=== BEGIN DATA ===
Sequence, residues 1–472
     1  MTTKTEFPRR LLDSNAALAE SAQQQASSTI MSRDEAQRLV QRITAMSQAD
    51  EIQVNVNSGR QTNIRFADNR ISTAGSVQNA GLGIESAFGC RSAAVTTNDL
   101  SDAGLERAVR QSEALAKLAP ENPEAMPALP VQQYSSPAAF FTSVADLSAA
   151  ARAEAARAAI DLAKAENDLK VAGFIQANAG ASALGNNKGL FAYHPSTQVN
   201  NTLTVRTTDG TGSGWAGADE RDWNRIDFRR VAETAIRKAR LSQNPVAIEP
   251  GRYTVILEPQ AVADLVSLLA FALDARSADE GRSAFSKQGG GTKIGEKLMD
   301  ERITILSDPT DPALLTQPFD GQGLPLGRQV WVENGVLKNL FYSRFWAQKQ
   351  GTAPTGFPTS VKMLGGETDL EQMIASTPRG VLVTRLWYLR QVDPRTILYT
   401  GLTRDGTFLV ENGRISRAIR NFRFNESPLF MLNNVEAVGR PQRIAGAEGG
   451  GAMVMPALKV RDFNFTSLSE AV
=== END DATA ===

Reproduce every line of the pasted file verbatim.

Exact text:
Sequence, residues 1–472
     1  MTTKTEFPRR LLDSNAALAE SAQQQASSTI MSRDEAQRLV QRITAMSQAD
    51  EIQVNVNSGR QTNIRFADNR ISTAGSVQNA GLGIESAFGC RSAAVTTNDL
   101  SDAGLERAVR QSEALAKLAP ENPEAMPALP VQQYSSPAAF FTSVADLSAA
   151  ARAEAARAAI DLAKAENDLK VAGFIQANAG ASALGNNKGL FAYHPSTQVN
   201  NTLTVRTTDG TGSGWAGADE RDWNRIDFRR VAETAIRKAR LSQNPVAIEP
   251  GRYTVILEPQ AVADLVSLLA FALDARSADE GRSAFSKQGG GTKIGEKLMD
   301  ERITILSDPT DPALLTQPFD GQGLPLGRQV WVENGVLKNL FYSRFWAQKQ
   351  GTAPTGFPTS VKMLGGETDL EQMIASTPRG VLVTRLWYLR QVDPRTILYT
   401  GLTRDGTFLV ENGRISRAIR NFRFNESPLF MLNNVEAVGR PQRIAGAEGG
   451  GAMVMPALKV RDFNFTSLSE AV